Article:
Doris Cardwell received a life-changing diagnosis of inflammatory breast cancer in 2007. While undergoing treatment, she co-founded a mentor program for the cancer center treating her. She also created community events to educate, encourage and empower people regarding cancer. Doris was the first Survivorship Community Outreach Liaison for her local cancer center. She is an advocate, educator and encourager on issues facing cancer survivors. Doris is a wife, mother, empty nester, survivor of life and lover of all things coffee. An avid speaker and blogger, she is available at www.justdoris.com.
Cancer can both open and close doors. It can make life feel crowded and foreign. It can bring out both the best and the worst in people, much like being on a crowded elevator can. As it creates space in our life it can also push us out of our comfort zones but it doesn't change who we are.
Have you ever been in a crowded elevator when one more person tries to fit in?
You see them coming and think, NO, NO, NO, quick, close the door!
Just as some "nice" person declares they will hold the door because there's plenty of room. "Oh, no problem," they say as you roll your eyes back into your head!
Here comes said person with wait...what is that? ...a big suitcase and some shopping bags behind them. Did I mention your space was already being invaded by the "non-spatially aware" person in front of you? Oh, and it's 95 degrees out and someone must have forgotten about their armpits this morning.
Why are we talking about closing doors, strangers in our personal space and armpit funk on a cancer blog?
Because that's what having cancer can feel like at times.
Cancer can bring all kinds of people and things into your personal space. Some mean well and do well, others......make you want to close the door quick.
In the twelve years I have been a survivor I have met the kindest, coolest, most caring people. I've met people who go above and beyond anything you would think to ask or imagine.
I have also seen some of the rankest and most insensitive people and things. An example, one day I was handing out flyers for a survivor event in our community. A lady said, “I'm not interested,” which was fine. Then she went on to say people just need to get over it — like I did, twice!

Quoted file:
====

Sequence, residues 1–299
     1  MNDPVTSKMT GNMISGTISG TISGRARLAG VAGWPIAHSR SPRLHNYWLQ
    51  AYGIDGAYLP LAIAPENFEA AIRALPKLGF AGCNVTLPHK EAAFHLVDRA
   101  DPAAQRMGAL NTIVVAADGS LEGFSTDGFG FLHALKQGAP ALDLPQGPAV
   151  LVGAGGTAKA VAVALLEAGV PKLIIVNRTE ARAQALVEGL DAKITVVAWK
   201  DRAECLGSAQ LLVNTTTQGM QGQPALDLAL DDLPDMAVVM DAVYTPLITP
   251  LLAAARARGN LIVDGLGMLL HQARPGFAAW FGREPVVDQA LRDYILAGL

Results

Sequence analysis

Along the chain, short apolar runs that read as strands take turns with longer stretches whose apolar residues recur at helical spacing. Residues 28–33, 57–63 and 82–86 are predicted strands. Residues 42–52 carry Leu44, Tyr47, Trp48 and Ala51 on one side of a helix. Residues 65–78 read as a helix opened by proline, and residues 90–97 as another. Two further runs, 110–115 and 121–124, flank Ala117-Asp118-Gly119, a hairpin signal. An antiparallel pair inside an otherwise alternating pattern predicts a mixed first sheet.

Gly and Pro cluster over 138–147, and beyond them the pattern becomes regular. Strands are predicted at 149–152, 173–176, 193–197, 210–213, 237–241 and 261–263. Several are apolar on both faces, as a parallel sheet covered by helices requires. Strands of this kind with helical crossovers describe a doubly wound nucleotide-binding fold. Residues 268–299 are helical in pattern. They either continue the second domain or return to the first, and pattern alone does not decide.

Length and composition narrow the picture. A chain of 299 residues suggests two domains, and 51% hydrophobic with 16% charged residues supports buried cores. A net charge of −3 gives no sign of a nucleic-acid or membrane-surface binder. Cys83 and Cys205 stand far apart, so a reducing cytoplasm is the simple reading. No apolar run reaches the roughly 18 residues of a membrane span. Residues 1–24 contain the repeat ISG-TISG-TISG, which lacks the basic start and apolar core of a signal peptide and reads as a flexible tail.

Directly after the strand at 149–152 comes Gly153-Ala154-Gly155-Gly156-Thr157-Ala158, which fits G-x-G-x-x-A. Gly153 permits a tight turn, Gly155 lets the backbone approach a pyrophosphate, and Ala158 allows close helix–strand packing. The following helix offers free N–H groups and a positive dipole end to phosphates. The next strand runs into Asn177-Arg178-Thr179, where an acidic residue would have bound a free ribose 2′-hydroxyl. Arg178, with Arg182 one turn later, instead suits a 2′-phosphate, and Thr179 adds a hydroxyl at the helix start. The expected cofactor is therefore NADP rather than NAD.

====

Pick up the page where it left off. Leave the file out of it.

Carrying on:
“OOOMMM,” deep breath. I said, "Well ma'am, then you must be one of the fortunate ones. Some of us have long-lasting effects that prevent us from doing that. So we are trying to educate, encourage and empower people with this event." I might have said a few other things under my breath, but that was all I said to her.
My least favorite comment that I get a lot is "did they take off your breast?" asked even by strangers in the grocery store when they see my compression sleeve. Sometimes I just want to reply, "I don't know, did they take off your manners?" Talk about being in my personal space.
Cancer creates space for itself in our lives just like that last person in the elevator. We don't have the option to say, oh, wait, no more room for you here. Don't have time for you in my life this month, see you later! We have to adjust and adapt the best we can. My diagnosis felt like being sent to another planet. I was not used to being in so many doctor's offices, hospitals and appointments. I had to learn a new language and a new way of doing things.
I love watching the television show “New Amsterdam.” What I love about it is the mission of the medical director, Max, to provide care to everyone. Not just care, but the best care possible, regardless of ability to pay. I love that no matter what comes at him he often asks, “How can I help?” I love that he thought he could just keep on going while cancer danced around the edge of his day. However, that did not work out for him for very long.
The reality for this television character, and for many of us, is cancer makes its own space. Whether we want it to or not. If we are long-term survivors, we may go weeks or months without it invading our space. If we are missing body parts, dealing with chronic pain or the emotional strain of cancer, it may be daily. I remember a friend of mine who had cancer all over her abdomen. She shared how much she hated changing her colostomy bag — not something she could get away from.
I have had to make many adjustments since cancer created its own space in my life. I have learned to educate myself, speak up and speak out to educate others. I did a TedX Talk last year, which was really uncomfortable. I am glad I did it even though when it went live, I felt naked and scared because it was out there and I couldn't take it back.
Having had cancer has opened doors, it has closed doors. It crowds my life at times, and at times it stinks. Through it all I have learned that I need to step back and just go where it takes me. Next month that will be to Washington, D.C. to learn and speak to lawmakers on policy issues — something I never thought I would do.
Wherever you are in your life with cancer know this: It's okay to be where you are. If doors open or close, if life feels stinky or crowded remember cancer is something you have, not who you are.